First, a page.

Experiences Running an NGO in Nigeria

Ada: Next question, what’s it like to run an NGO or nonprofits in Nigeria?

Victoria: Running an NGO is not an easy job, I would say. It takes a lot of passion. You find out that there are so many NGOs out there but how many of these NGOs are sustainable and scalable?

Firstly, it takes passion to run an NGO and it takes you remembering or reminding constantly reminding yourself of the purpose behind why you do what you do. The why is very important because the passion would always die along the way.

I remember as a child some of the things I wanted to do I wanted to be too many things I wanted to be an accountant. I wanted to be a pilot. I wanted to be a medical doctor. As I grew older, all of this passion changed you know over time. I’m no longer passionate about the things I was passionate about when I was a child or even a teenager so this is also the same about passion passion and change changes but it takes you constantly remembering your why to stay on track.

Running an NGO, also, is not a one-man job you would have to requiresome support in fact a lot of support along the way so there is like a mantra that I have, that I always remind myself over and that is, “Never walk alone”. If you walk alone the journey would be really tough but with support you can share a lot of burden, a lot of responsibilities and all of those.

As a leader, I believe strongly in delegation. I believe that I am not the smartest person in the organization even though I feel privileged to be the one to convey the vision and mission of the organization. I don’t think that I am the one within the organization who works the most, who works very hard. With support of volunteers, with support of mentors support of donors, support of friends of the organization, the organization has been able to stand strong today. We are scaling we are growing every single day.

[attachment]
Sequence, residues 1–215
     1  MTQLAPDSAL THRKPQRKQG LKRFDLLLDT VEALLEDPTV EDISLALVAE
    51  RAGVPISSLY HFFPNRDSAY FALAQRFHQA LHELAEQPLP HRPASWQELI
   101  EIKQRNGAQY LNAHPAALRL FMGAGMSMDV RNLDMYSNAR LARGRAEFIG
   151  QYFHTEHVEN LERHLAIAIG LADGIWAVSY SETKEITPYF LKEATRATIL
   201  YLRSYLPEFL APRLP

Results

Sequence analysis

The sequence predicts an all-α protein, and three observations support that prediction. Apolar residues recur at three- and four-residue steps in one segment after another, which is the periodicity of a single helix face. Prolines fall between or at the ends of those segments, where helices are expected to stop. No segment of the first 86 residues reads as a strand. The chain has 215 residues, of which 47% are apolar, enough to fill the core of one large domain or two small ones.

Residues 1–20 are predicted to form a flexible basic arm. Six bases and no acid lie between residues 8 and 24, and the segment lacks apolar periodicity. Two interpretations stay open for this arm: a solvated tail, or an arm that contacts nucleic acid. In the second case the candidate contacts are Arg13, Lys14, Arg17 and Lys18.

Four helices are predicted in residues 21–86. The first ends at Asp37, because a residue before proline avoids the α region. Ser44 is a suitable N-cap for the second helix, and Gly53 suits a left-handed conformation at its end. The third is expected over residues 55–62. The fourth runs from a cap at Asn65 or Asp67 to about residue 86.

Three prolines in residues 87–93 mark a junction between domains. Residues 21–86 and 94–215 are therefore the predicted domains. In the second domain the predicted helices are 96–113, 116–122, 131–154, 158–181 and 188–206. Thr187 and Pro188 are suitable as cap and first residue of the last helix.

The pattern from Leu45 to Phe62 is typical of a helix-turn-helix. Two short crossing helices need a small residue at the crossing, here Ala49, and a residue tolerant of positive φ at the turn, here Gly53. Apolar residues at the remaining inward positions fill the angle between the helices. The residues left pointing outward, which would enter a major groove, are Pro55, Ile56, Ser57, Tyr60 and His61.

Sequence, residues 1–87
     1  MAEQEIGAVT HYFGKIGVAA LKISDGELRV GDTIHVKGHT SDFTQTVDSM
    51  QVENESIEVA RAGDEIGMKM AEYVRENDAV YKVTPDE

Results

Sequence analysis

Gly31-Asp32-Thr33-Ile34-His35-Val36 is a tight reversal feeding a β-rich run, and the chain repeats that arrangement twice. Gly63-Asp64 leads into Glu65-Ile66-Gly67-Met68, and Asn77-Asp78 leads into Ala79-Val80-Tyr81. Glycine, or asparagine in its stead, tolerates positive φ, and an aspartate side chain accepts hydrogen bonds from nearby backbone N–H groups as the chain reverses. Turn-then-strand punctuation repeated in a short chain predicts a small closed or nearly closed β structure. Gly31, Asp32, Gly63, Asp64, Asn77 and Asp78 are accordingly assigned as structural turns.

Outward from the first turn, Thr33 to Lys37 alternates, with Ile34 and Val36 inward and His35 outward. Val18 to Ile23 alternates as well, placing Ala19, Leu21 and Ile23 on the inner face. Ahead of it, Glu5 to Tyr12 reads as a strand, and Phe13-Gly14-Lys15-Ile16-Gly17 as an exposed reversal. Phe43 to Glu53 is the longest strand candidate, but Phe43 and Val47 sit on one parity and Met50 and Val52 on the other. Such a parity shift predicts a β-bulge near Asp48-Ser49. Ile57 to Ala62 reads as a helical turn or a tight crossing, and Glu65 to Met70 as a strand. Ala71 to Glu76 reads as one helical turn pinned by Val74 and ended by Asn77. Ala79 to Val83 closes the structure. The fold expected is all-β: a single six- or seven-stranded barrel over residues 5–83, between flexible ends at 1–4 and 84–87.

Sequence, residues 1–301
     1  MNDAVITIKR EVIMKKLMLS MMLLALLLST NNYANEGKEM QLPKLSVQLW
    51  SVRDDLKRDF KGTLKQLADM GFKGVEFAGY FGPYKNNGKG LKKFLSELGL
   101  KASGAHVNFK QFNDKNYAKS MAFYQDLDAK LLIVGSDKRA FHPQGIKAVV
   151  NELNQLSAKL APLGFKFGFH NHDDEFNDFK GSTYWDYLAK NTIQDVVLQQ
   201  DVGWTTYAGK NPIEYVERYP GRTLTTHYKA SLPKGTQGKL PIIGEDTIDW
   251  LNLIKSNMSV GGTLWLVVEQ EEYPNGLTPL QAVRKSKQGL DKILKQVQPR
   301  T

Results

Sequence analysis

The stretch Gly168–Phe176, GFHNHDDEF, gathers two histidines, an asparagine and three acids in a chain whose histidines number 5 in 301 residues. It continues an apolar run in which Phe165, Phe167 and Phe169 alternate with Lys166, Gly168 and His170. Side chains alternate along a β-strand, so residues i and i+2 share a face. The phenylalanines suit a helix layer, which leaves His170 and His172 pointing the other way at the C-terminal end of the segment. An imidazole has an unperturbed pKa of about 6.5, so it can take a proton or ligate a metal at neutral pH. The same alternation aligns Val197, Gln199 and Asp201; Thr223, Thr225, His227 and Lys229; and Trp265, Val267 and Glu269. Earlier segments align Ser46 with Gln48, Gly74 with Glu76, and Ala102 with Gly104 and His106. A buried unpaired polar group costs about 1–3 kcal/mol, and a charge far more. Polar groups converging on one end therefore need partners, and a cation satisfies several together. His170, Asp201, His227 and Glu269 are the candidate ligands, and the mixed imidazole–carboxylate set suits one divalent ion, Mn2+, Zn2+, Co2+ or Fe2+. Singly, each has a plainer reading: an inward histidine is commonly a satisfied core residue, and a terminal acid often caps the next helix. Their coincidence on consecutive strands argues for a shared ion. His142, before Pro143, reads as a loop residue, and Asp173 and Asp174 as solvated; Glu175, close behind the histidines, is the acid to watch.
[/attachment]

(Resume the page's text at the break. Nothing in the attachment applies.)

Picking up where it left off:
It really takes- just to recap- it really takes a lot of passion to run an NGO it takes you to know the “why”. Why you’re doing what you’re doing and it will require a whole lot of support. One of the common challenges with people in the NGO space, I would say, is funding because you cannot make profits and you know whatever you are doing, ideally, the primary goal is not to make profits. Funding is a major challenge because you also need money to actualize many of your goals.

How to Fund Your Cause

Ada: Yes, it is. That’s the question I was going to ask next because, a lot of young people, they have a lot of passion, are interested in change making but then they look at their situation and they say, “I barely have enough money to take care of myself. How do I raise money to pursue a cause, to make changes in society?” We would like to know more about that, raising funds.

Victoria: What I’ve learned recently is that you don’t have to own resources. You just have to have them. That means that if I’m passionate about making a difference, I don’t have to have a facility like a training space that is mine. I don’t have to have all of the books that I want to donate to the kids in the community. I don’t have to have the food that I want to share to these kids or to the people that we plan to reach out in the community. I just have to have them and what this means is that you can collaborate to get some of the resources you want.